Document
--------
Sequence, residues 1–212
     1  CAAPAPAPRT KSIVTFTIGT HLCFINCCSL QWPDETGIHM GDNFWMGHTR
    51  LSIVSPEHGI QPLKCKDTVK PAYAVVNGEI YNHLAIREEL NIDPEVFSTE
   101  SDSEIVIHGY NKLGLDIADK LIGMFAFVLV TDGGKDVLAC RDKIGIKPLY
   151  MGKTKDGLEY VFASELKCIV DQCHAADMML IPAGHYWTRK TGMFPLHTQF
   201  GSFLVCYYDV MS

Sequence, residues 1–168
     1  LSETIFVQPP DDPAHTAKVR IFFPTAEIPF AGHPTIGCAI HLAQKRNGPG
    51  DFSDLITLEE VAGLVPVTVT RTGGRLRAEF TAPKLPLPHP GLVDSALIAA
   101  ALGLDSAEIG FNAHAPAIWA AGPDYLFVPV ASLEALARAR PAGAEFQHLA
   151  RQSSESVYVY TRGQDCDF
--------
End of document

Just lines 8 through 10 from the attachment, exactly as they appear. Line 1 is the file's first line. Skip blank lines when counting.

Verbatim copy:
     1  LSETIFVQPP DDPAHTAKVR IFFPTAEIPF AGHPTIGCAI HLAQKRNGPG
    51  DFSDLITLEE VAGLVPVTVT RTGGRLRAEF TAPKLPLPHP GLVDSALIAA
   101  ALGLDSAEIG FNAHAPAIWA AGPDYLFVPV ASLEALARAR PAGAEFQHLA